The story reads as a person’s exploration of their sexuality and identity; the larger message is that people don’t have to fit into a mold or label themselves. Julie Murphy continuously explores this theme not only with the main character Ramona, but also with her school friend Ruthie, and Ramona’s crush Grace. In fact, Ramona herself spends the majority of the story questioning Grace’s struggles in understanding her sexuality at a young age and even pressures her into “coming out.” This makes for an interesting parallel and arc in the story, where ultimately Ramona finds herself in the same situation she once put Grace in.

Before the publication of this novel, there had been some uproar online in regards to the theme of the story and how it could be insinuating that all it takes is “the right guy” to “turn/cure” a lesbian woman into either becoming straight or bisexual.

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I can’t make any arguments in regards to this specifically because I don’t identify as either marginalized group and thus I lack the experiences, credibility and authority in this matter. It is not my place to argue. However, it is important to highlight that this is an #ownvoices story, as Julie Murphy publicly identifies as bisexual and has clarified that this story is in fact about the journey of self-discovery, not about the labels themselves.

It seems the original synopsis of the book did a huge disservice not only to the story itself but also to the author, readers and the conversations surrounding it. The author has clarified that this was an issue and the blurb has since been changed.

One of the largest arguments against the narrative in Ramona Blue is that it is impressionist and works as propaganda, especially when targeted towards young adults. The idea is that it normalizes the concept that “Lesbianism” is a phase. The counter argument is that the book actually encourages exploration and that it is okay to question and to not fit into a mold. Refer to the spoilers section below for more info; the main character addresses the idea of the “lesbian phase” several times in the story. Articles written on both arguments will be listed at the end of this review for further consideration.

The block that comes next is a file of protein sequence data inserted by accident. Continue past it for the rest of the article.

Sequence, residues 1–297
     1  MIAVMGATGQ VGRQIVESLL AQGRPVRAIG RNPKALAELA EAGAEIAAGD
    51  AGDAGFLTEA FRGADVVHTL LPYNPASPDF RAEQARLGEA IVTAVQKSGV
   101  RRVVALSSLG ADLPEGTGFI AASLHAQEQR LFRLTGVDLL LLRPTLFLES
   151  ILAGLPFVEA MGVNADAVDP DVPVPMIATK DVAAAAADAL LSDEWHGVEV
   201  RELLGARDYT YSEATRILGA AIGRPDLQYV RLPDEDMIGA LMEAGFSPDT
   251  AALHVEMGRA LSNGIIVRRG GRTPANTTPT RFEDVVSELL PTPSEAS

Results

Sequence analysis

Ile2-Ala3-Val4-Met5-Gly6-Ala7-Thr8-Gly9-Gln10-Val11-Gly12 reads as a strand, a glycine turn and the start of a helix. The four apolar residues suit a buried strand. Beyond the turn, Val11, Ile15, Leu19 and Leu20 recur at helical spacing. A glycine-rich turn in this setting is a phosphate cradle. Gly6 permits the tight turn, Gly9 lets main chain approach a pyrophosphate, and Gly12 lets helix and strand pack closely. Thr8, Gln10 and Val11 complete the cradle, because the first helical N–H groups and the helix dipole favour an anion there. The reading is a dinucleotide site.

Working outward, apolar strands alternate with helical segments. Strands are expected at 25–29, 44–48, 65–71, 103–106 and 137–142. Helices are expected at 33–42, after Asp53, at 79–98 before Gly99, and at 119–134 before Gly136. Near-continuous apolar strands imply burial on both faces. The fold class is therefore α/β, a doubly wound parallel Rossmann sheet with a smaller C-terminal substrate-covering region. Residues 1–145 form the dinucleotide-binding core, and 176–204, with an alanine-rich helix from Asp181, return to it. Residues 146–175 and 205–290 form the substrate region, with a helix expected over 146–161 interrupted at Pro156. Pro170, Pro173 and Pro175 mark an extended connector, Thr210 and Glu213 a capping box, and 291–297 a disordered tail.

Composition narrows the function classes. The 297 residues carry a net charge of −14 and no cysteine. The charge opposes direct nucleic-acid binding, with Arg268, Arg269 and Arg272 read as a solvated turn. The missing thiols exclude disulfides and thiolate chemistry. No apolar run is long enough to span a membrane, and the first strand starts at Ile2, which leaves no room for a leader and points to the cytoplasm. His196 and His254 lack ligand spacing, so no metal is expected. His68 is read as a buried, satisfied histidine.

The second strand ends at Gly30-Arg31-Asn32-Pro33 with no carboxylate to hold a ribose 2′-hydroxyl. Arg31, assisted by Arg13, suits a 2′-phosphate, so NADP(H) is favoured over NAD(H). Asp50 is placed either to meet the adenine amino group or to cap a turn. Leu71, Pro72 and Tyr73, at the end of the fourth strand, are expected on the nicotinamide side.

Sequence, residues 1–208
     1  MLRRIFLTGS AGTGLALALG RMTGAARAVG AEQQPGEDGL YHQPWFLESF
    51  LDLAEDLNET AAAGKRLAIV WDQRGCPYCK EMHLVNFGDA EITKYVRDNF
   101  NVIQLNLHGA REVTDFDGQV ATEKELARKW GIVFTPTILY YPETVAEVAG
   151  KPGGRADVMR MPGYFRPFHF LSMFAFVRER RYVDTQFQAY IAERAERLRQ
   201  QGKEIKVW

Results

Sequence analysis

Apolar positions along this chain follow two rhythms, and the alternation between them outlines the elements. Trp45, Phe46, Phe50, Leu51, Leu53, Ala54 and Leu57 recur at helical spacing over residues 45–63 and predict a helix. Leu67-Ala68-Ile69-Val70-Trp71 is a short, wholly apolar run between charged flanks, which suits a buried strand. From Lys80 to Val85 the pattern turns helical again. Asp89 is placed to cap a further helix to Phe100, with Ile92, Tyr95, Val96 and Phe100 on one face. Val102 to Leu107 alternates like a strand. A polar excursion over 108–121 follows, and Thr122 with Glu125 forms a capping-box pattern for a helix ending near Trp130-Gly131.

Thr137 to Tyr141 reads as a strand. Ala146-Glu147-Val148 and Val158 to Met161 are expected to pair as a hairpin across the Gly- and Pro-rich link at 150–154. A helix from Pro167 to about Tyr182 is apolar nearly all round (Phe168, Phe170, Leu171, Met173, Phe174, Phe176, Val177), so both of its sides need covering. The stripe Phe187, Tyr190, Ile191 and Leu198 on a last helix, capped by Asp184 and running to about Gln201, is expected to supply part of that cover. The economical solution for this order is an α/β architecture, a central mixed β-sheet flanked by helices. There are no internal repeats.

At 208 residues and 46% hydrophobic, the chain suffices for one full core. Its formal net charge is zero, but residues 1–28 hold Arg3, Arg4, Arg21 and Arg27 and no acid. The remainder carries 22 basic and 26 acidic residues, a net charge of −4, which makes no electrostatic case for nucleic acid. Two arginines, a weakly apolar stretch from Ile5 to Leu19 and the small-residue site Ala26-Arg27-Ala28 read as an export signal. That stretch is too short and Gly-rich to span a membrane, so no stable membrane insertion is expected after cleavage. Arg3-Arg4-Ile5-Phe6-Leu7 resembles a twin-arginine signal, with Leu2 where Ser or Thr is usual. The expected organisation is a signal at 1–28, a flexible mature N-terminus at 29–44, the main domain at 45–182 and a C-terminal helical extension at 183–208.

Again, this is an #ownvoices book; the author, Julie Murphy, is bisexual. This does not mean, however, that her experiences as a bisexual woman are the be all and end all of the discussion. But it also does not make her experiences invalid just because they do not apply to all bisexuals.

Murphy writes about the struggle to understand and accept one’s romantic feelings towards a person, whether they are a woman or a man. Ramona spends some time internalizing whether her identity as a lesbian is more important than the genuine feelings she has developed for her best friend who is a guy. Freddie, the guy in the story, is not a person she has just recently met and fallen for; they do have a history together. This is not a justification for erasure of lesbian voices but it is a valuable factor. Ramona knows that she is attracted to women and that this attraction is not a phase; the feelings for a boy have not and will not change that fact. The book does not ever allude to Ramona ever “turning straight” after being involved with a guy.

What may make the story stand out even more in this narrative of “sexuality exploration” is that it already begins by challenging the status quo. While it is generally accepted and become common in stories to have a seemingly straight character explore their sexuality and later identify as bisexual or gay, it is not as common to see someone who does not identify as “the default” (quote from the book!). In this case, being gay/lesbian, to then identify as bisexual. I can’t and won’t equate those experiences to one another because they are still different; however, I wanted to make sure to clarify how the book portrays this dynamic.